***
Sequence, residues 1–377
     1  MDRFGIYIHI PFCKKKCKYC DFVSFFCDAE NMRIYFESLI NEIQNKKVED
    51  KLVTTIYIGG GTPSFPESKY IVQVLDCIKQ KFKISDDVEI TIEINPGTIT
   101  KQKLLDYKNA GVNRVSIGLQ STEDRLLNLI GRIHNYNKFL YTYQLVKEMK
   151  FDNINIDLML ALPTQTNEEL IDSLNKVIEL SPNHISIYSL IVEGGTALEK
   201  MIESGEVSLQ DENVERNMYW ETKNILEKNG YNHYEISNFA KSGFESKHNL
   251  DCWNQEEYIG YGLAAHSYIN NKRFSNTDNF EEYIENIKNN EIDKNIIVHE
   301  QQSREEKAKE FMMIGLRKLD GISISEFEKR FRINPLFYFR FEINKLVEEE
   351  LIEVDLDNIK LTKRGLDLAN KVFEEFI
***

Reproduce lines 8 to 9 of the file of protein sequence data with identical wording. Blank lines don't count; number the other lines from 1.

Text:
   301  QQSREEKAKE FMMIGLRKLD GISISEFEKR FRINPLFYFR FEINKLVEEE
   351  LIEVDLDNIK LTKRGLDLAN KVFEEFI